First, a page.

As I explained many things to her, I debunked a lot of myths and stereotypes about the LGBT community along the way. To me, coming out is much more than telling people that I am gay. It also means an obligation on my part to educate people around me, to pave the way for better understanding of the LGBT community in society. Furthermore, the most important significance is to let people whom I care for, to understand me for who I am.
I complained to my friend that there is still a lot of negative social stigma associated with gays and lesbians. She replied, 'Actually the situation now is considered good. If you told people that you are gay, like 10 or 20 years ago, people would just immediately conclude that you have AIDS.'
It is so true, and it dawned upon me how far we have come and how much our brave predecessors have achieved. Suddenly I felt so blessed being able to acknowledge to myself that I am gay, and tell people that I am gay without fearing persecution. However, the future journey is arduous, and far from complete. It is really up to us, to take more steps forward.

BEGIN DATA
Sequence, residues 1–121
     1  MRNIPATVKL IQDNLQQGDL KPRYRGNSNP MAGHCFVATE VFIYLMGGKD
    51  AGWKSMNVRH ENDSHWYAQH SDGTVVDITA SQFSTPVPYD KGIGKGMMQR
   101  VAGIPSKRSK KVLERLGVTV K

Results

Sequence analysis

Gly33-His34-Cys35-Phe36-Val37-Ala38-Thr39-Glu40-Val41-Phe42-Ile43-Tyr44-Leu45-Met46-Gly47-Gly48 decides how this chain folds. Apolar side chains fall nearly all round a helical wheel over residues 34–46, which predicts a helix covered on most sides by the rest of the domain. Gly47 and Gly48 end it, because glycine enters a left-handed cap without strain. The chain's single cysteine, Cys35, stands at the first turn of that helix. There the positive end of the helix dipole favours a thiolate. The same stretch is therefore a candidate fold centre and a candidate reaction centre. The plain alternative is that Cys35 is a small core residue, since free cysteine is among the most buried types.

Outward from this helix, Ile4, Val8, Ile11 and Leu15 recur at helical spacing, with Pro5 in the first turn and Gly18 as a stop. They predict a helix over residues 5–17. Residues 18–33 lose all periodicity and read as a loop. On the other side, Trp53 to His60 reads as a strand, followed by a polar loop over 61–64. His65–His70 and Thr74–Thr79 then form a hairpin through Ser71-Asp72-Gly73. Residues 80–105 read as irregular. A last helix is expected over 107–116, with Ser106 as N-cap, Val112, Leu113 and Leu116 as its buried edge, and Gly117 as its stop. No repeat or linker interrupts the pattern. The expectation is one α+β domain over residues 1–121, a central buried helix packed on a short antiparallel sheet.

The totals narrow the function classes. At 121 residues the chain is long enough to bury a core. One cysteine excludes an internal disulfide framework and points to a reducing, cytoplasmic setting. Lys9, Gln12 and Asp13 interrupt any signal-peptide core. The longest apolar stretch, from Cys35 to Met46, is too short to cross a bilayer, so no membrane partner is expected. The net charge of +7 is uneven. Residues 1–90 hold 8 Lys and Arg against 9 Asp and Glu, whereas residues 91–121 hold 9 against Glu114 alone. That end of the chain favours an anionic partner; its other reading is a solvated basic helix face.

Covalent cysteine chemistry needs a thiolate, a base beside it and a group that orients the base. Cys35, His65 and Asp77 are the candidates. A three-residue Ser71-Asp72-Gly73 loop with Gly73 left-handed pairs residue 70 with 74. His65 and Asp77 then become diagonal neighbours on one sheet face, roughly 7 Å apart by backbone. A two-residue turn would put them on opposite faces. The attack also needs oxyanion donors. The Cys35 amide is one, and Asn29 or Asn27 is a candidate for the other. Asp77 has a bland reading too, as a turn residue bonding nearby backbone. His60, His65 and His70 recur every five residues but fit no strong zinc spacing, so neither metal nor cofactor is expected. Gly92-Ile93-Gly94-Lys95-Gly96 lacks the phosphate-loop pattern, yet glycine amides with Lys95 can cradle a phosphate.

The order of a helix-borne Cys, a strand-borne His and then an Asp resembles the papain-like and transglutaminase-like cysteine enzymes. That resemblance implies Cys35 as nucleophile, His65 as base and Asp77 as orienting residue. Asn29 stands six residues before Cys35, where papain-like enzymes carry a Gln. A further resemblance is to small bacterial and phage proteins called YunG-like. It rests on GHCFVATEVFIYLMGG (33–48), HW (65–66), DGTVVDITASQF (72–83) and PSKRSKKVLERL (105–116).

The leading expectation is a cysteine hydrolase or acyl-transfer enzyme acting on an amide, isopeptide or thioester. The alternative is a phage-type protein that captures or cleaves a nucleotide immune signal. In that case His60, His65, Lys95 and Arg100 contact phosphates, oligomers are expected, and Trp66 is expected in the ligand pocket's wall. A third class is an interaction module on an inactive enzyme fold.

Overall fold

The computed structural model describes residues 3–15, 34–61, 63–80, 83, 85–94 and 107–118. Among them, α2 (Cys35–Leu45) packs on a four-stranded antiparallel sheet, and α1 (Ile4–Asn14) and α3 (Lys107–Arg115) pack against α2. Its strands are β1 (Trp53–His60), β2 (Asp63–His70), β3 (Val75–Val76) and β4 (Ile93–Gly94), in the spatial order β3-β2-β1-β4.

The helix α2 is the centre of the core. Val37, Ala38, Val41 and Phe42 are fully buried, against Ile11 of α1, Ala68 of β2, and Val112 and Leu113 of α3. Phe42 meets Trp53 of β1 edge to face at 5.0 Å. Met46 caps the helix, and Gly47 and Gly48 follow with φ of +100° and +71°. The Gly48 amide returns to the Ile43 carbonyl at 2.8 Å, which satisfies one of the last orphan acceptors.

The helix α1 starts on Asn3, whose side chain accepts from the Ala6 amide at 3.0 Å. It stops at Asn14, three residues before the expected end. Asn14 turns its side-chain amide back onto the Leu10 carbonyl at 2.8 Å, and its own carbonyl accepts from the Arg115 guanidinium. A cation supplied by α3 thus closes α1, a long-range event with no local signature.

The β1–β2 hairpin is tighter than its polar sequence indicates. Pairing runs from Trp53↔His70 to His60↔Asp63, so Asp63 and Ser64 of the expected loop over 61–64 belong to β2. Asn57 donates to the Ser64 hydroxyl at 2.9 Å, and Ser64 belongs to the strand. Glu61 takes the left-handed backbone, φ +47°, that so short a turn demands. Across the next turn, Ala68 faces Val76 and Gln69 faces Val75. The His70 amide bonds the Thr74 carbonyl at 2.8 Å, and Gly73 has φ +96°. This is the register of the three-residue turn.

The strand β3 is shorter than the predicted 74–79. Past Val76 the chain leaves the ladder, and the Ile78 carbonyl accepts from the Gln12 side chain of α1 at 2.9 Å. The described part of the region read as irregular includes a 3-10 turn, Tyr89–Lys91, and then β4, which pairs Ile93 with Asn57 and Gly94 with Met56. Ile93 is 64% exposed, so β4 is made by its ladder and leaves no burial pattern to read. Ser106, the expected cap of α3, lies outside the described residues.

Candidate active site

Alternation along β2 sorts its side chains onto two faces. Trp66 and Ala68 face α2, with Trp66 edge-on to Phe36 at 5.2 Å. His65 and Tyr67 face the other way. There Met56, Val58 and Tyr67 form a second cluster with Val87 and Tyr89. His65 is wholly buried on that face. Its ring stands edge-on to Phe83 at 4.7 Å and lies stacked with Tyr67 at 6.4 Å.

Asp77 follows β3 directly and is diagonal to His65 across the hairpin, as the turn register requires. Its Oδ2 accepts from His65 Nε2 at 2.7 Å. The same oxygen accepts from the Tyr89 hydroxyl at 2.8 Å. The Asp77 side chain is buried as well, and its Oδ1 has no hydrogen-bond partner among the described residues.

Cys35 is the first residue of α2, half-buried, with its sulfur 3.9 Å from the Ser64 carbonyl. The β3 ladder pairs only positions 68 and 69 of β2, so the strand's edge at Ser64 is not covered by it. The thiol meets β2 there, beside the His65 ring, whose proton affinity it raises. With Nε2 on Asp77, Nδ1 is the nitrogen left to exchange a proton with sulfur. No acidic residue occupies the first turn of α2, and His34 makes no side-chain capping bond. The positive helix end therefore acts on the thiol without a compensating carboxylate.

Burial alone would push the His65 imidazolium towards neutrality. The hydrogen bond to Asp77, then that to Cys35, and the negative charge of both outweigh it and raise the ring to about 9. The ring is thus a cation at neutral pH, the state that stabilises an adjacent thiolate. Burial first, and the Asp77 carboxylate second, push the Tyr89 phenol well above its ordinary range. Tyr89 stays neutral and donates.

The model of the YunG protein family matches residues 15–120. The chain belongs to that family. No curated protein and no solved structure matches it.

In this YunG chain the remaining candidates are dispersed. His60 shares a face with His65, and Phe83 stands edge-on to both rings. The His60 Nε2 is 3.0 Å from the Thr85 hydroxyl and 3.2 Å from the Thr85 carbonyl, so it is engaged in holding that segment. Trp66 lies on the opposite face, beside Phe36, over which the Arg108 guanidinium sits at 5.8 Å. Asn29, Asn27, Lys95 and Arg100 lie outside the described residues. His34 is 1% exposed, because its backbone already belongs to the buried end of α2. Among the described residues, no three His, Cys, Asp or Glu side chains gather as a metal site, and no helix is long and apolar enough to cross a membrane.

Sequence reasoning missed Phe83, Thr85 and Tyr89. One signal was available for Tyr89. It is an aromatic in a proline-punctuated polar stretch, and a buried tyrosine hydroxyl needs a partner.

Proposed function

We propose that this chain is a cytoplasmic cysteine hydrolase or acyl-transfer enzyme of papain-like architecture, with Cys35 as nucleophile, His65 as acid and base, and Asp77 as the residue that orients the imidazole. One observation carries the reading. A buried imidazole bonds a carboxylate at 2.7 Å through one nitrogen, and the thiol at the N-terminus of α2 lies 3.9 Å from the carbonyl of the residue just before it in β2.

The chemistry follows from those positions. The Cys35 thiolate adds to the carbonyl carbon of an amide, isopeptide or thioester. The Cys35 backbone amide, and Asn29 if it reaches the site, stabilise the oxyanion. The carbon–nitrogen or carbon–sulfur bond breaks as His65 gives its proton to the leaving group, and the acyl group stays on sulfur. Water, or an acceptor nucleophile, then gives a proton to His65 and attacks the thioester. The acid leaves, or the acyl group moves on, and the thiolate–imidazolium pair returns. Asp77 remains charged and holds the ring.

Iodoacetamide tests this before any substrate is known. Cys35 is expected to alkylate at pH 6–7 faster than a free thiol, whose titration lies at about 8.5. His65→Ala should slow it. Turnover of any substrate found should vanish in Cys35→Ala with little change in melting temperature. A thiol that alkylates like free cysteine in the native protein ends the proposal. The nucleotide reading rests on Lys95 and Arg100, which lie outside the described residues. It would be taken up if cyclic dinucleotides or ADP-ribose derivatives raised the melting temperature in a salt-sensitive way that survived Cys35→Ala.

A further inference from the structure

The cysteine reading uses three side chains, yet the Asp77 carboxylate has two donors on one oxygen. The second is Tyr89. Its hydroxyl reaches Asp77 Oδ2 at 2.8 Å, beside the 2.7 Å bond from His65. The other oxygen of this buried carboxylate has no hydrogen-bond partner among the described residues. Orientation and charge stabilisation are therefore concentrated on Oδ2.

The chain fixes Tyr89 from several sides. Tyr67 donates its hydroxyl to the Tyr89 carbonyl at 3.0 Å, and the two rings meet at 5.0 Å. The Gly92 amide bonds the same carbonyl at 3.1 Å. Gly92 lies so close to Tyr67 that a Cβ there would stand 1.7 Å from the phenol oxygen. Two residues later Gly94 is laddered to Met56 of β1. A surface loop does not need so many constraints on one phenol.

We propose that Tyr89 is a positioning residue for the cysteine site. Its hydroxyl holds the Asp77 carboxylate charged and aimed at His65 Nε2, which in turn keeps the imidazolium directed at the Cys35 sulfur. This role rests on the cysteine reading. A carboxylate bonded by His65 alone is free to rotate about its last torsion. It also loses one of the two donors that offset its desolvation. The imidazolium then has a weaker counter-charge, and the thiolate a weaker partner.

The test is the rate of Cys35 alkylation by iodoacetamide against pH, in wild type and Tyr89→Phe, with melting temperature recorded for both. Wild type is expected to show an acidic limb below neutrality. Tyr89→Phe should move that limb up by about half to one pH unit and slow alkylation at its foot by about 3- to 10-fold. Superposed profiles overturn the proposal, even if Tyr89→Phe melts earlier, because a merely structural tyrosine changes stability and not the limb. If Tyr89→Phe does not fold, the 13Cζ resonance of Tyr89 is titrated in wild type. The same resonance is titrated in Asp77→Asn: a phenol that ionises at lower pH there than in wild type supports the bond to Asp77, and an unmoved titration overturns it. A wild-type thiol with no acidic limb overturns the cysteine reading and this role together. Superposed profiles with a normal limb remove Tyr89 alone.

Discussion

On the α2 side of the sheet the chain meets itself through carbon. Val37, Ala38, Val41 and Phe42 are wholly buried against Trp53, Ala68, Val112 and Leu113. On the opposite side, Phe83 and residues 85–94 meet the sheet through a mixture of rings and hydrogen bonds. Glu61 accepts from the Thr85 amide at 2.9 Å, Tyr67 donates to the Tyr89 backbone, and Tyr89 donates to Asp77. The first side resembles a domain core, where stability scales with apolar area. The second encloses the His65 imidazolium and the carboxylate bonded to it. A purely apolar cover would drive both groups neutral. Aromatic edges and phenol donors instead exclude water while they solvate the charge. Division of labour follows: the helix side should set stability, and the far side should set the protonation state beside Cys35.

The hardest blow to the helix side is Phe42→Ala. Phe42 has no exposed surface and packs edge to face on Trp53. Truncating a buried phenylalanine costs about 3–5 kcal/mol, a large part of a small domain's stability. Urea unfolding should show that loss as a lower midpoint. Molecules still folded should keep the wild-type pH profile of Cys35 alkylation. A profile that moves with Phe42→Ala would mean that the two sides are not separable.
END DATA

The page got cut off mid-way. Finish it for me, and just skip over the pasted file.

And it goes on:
I am beginning to see that the most powerful form of activism is actually coming out. It is more powerful than gay pride parades, blogs, talks and forums, petitions and any other form of activism. It changes people's misconceptions and mindsets fundamentally, because they know me as a real person, and I am exactly the same person before and after they found out that I am gay. Nothing has changed, and being gay is only a part of my overall identity. My sexual orientation is not a fashion statement which I feel compelled to wear on my sleeve, but rather a part of myself which I prefer not to hide consciously, if the circumstances permit.
Only when queer people are not merely names in the afternoon/ evening tabloids, but family and friends of every one of us in the society, then we can remove the negative social stigma. I can see it happening right beside me. I have friends who used to have negative perceptions of homosexual people but they are becoming more open-minded and accepting. I have guy friends who know that lesbians are not just butches and femmes and understand that lesbians are not waiting for the right men. I have lady friends who have no qualm about joking with me that they will love to marry me despite being well-aware of my sexual orientation. I love the way how it manifests to become a deep-rooted understanding, instead of superficial acceptance while sweeping everything under the carpet in denial.
I feel stronger and less vulnerable every time I come out to another person, and I do hope that I will be strong enough one day to take the step in my family. I will be invincible once I achieve that.